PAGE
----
De Blasio opening supervised injection sites for drug users in NYC



With just four weeks left in office, Mayor Bill de Blasio is opening the country’s first supervised shooting galleries in upper Manhattan — amid a spike in overdose deaths and disturbing scenes of junkies shooting up on public sidewalks.

“Overdose Prevention Centers are a safe and effective way to address the opioid crisis. I’m proud to show cities in this country that after decades of failure, a smarter approach is possible,” de Blasio said in a statement Tuesday.

The centers, in East Harlem and Washington Heights, are expected to open as early as Tuesday.

The locations were chosen based on “health need and depth of program experience,” according to the Health Department. The sites will provide clean needles and social services, but users must bring their own drugs.

Last year over 2,000 New Yorkers died of a drug overdose, the highest since the city started tracking the figures in 2000. The most common drug involved in the fatalities is opioids. Between January and March this year another 596 people lost their lives due to addiction. A city Health Department study found that the sites could save up to 130 people a year.

A kit of supplies containing syringes, adhesive bandages and antiseptic pads waits to be used by a drug addict inside a safe injection site known as Insite on Vancouver, British Columbia's eastside
A kit of supplies is seen inside a safe injection site in Vancouver, British Columbia, which has been at the forefront of the centers in North America.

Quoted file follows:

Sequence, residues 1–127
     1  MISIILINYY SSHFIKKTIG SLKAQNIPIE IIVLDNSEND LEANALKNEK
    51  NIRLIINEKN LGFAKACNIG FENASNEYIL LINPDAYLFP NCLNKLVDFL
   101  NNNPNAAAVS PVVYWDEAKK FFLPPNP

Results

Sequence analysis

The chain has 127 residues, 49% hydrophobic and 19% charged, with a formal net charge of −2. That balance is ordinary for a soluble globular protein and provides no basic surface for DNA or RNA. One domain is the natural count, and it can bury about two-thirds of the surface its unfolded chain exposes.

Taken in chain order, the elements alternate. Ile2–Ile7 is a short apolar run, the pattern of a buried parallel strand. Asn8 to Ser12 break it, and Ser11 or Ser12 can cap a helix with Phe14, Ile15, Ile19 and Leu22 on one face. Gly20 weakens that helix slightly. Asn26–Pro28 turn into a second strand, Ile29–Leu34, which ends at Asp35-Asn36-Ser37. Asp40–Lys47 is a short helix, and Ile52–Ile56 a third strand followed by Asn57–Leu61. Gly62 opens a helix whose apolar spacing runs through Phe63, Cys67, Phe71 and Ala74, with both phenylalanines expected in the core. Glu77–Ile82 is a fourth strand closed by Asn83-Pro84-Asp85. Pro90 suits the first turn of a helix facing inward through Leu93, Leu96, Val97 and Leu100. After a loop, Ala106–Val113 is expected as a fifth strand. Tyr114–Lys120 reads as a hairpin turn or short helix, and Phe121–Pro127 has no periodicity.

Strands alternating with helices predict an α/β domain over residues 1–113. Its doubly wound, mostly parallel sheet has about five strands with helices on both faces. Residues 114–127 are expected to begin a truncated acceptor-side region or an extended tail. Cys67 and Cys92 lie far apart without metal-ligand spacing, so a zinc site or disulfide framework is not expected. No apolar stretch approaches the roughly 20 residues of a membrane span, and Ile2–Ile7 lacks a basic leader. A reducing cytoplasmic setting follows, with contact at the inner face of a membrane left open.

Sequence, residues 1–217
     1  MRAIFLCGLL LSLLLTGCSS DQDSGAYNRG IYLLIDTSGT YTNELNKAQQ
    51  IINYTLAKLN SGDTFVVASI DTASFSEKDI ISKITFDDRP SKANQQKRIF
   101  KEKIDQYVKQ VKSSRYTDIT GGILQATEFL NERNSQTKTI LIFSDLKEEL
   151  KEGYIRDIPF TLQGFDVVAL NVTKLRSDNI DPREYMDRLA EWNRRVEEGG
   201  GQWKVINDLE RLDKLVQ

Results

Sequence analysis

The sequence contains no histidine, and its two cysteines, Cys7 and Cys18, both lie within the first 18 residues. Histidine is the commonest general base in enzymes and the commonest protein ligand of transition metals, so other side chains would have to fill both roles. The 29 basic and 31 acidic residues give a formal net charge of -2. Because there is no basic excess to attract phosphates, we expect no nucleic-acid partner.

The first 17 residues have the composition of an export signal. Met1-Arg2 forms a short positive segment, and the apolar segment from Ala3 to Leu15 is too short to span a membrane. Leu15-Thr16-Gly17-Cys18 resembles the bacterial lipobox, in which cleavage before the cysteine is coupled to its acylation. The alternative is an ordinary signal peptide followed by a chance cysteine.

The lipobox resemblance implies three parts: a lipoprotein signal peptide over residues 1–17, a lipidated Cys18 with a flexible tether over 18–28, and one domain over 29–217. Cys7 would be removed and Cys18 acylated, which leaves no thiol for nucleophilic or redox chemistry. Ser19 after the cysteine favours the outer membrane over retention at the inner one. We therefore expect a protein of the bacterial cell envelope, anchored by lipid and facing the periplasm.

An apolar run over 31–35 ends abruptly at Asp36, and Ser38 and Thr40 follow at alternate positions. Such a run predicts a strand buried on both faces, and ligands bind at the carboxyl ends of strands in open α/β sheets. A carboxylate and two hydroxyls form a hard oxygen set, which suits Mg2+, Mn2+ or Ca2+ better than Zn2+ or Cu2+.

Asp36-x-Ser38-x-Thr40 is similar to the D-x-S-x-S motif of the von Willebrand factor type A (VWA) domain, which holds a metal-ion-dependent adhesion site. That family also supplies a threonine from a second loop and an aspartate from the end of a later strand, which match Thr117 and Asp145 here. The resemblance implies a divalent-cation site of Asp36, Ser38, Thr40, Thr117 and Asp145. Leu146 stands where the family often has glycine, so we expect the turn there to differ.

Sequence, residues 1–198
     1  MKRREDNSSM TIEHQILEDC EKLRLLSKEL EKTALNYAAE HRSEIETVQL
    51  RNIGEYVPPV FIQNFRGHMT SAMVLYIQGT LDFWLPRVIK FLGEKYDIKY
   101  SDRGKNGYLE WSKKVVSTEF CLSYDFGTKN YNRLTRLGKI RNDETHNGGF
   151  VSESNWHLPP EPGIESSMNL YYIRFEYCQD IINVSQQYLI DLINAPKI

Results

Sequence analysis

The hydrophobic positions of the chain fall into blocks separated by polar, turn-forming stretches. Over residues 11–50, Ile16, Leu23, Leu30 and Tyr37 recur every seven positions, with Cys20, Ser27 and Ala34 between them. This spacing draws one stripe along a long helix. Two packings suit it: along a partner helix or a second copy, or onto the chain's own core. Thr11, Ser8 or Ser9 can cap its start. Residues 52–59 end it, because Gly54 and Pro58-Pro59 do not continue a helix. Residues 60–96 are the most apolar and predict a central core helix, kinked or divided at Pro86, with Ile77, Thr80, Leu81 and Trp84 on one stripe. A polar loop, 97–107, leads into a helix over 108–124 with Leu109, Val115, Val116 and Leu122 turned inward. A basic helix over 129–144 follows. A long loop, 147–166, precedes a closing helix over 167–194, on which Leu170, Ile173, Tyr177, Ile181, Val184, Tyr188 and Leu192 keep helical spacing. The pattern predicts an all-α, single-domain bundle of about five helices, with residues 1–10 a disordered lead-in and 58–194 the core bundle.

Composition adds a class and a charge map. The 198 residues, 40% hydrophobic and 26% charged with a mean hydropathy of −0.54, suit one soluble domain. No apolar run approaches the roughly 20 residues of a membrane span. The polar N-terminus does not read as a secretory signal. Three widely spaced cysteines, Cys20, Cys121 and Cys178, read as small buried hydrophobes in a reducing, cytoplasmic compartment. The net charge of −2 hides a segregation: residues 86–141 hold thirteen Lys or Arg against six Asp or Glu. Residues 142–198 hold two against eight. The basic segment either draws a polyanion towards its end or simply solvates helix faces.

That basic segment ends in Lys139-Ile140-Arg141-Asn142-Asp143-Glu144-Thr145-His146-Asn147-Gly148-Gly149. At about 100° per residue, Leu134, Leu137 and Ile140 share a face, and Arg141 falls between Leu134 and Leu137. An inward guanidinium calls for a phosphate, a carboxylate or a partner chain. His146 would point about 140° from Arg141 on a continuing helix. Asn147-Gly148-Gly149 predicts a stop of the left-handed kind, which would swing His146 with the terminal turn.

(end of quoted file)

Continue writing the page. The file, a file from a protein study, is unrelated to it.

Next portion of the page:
The mayor tried to push the controversial proposal to open a total of four sites before, but was blocked by former Gov. Cuomo and former President Trump who both opposed the plan.

City Council Minority Leader Joe Borelli (R-Staten Island) was skeptical about the program’s effectiveness.

“British Columbia has lead North America in safe injection sites, all while crossing overdose death milestones every month. How anyone can see this as a solution to a serious problem is beyond me, never mind the concerns of the neighbors,” Borelli told The Post Tuesday.

In this June 26, 2017 photo, booths line the Cactus "safe injection site," where drug addicts can shoot up using clean needles, get medical supervision and freedom from arrest, in Montreal. More than a dozen other potential sites are being considered across Canada federal officials say.
Booths inside a “safe injection site” in Montreal.
New York City Mayor Bill de Blasio
Mayor Bill de Blasio’s past proposals for safe injection sites were blocked by former Gov. Andrew Cuomo and former President Donald Trump.
Anthony Behar/Sipa USA

Congresswoman Nicole Malliotakis (R-Staten Island and Brooklyn) also blasted the sites, noting that the Department of Justice under President Trump said they would violate the federal Controlled Substance Act.

De Blasio has largely turned a blind eye to daytime drug sprees in major city hubs like the Garment District and the Triangle Plaza Hub in The Bronx.

People hang out in a plaza on East 149th street and Bergen Avenue in the South Bronx
Between January and March this year another 596 people lost their lives due to addiction.
Stephen Yang


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